death of the salesman?

the famous playwright Arthur Miller wrote a
play called the ‘Death Of The Salesman’, that became famous in the fifties and
the sixties. Perhaps, it was too early for pronouncing such a verdict to the ubiquitous
salesmen, but it is now fast becoming a reality, with web sales increasing daily for many
companies in the US. The role of the salesman is slowly undergoing a change in the new Web
paradigm of doing business.

It all started when a ‘young’ man
and an ‘old’ man started goading Net users to buy commodities through the
Internet. And they made successful businesses of it. William Dell, the youngster with the
bright idea of taking on the might of Compaq and IBM, persuaded buyers to buy his PCs
online. Jim Barksdale, the more wizened and experienced started selling his browser
online, thus also creating a web site with maximum hits and hence earning a huge revenue
from advertisements.

Now you have many companies following the
route created by Dell Computers and Netscape Communications in the US. So much so that a
greater part of the recent profit made by Apple Computer came from web sales. The latest
in the US is buying cars on the Net, with research indicating that 10 percent of the car
buyers in the US saying that they would buy cars online in 1998, compared to 4 percent
last year. In India, this is slowly taking off with some companies taking the initiative
of marketing goods on the Net. Moreover, with the Reserve Bank of India allowing ecommerce
on the Net in the near future, this kind of business holds promise for the country.

The natural question that follows is: what
happens to the salesman? The salesman undergoes a metamorphosis in this era of new medium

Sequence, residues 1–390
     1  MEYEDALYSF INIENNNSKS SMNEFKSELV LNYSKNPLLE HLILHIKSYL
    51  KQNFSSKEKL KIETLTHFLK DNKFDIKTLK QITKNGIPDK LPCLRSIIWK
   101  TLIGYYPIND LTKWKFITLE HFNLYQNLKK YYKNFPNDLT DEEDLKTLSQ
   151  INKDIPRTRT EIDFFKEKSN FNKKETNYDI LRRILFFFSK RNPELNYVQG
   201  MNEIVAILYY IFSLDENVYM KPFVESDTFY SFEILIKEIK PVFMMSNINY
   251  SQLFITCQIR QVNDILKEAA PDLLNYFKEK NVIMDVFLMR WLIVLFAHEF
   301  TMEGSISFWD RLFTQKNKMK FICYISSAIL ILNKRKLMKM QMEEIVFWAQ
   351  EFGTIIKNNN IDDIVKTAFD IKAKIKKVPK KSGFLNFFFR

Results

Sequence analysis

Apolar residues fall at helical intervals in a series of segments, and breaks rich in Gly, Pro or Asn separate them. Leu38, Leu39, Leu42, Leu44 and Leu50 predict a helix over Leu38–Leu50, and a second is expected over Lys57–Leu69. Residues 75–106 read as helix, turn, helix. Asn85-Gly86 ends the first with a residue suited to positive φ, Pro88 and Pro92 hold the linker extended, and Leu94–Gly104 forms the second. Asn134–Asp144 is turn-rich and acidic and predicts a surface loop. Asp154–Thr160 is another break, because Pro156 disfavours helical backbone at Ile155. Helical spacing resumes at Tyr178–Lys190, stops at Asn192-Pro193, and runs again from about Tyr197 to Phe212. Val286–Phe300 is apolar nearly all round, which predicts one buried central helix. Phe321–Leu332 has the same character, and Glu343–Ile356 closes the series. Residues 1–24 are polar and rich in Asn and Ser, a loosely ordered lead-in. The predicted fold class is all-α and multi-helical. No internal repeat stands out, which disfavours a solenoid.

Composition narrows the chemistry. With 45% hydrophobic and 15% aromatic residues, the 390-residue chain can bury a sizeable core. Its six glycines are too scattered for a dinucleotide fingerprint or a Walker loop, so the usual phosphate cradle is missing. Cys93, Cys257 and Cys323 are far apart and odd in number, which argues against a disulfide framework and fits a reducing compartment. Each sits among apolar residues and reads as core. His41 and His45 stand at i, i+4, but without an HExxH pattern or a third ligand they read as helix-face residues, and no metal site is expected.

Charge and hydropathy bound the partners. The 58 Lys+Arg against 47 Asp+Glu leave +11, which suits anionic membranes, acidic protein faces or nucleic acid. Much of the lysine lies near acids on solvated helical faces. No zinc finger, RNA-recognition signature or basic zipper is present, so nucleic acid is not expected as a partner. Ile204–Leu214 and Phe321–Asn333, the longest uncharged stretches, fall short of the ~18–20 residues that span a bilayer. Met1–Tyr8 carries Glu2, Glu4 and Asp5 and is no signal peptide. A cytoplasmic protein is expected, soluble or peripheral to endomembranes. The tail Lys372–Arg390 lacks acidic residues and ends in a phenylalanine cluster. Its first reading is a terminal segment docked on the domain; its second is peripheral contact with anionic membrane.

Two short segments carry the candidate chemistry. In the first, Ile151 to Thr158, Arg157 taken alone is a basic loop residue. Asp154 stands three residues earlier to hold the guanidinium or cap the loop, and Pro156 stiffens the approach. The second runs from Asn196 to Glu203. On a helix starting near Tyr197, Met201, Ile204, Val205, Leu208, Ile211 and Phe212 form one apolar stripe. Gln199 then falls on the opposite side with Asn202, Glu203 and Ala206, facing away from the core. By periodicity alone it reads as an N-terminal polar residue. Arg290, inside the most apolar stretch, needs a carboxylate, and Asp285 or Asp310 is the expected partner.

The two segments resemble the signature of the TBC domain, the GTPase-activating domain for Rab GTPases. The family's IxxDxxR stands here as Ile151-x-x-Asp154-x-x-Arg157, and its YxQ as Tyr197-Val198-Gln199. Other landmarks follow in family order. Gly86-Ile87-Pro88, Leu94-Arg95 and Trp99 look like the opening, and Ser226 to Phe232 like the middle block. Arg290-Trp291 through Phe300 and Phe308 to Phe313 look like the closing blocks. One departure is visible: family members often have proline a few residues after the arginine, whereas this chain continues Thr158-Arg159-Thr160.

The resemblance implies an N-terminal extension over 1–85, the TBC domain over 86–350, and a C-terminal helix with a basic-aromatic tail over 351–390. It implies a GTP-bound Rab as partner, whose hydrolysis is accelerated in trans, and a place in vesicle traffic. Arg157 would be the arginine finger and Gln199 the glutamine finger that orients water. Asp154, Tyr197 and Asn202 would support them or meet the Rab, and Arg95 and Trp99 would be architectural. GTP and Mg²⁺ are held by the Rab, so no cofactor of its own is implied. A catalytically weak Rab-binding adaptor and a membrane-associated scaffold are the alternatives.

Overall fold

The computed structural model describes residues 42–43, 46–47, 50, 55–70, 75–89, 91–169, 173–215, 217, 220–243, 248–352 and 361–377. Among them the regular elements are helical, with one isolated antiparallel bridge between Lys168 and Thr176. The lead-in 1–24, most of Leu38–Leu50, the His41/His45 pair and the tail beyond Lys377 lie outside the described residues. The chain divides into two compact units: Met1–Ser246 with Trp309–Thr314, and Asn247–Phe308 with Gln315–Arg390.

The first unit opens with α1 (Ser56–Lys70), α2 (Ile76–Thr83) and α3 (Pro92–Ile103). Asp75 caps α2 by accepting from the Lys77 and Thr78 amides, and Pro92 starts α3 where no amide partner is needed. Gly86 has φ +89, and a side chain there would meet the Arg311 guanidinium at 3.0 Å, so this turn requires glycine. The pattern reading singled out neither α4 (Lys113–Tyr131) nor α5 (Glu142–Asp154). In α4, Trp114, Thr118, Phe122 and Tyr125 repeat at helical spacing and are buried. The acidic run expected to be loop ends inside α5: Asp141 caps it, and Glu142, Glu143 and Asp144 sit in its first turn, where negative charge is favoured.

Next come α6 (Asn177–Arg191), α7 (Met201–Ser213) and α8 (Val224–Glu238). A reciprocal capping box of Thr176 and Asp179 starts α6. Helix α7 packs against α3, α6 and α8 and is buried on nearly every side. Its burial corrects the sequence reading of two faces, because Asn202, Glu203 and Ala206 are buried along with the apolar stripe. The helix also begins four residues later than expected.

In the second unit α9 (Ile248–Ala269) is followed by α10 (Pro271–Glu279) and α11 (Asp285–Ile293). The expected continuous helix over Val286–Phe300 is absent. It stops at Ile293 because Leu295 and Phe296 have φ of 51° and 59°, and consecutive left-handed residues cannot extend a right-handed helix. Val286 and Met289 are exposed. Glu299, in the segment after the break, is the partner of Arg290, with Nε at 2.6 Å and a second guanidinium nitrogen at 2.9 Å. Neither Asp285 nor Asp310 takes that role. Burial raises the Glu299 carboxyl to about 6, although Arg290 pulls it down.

of communication. Till now, what he practiced was ‘push’ strategy to sell his
wares. The WWW gives him a tool for ‘pull’-a strategy wherein the customer comes
to him rather than his going to customer.ÿBut here is the catch. First of all, the
salesman can no longer claim to know his customer. With personal interaction gone, the
salesman cannot even see the customer, let alone ‘con’ him or her. Second, the
salesman is faced by finicky customer who is much more knowledgeable than before. With the
Web being a repository of information, the customer is armed with all the data about the
particular product and is probably bargaining with at least four or five dealers. Third,
this information gives the customers a better bargaining power on the Web than otherwise.

For vendors, it is a boon, as they get to
cut distribution costs which amount to 30 percent of the total costs. On the other hand,
the customer is better of with brighter chances of a good bargain. But the guys who take
the hit are the dealer and the salesman. Not only is their geography threatened by other
dealers’ encroachment, but their margins too are getting depleted because of
competition between dealers.

So the question that faces the salesman is:
how is he going to evolve and succeed in the Net generation? Even as he is slowly and
steadily being replaced by the web agent, maybe the salesman finds that there is life
after the Net too. Maybe the Web could end up becoming his biggest ally rather than the
agency which threatens his very existence.

Leave a Reply

Your email address will not be published. Required fields are marked *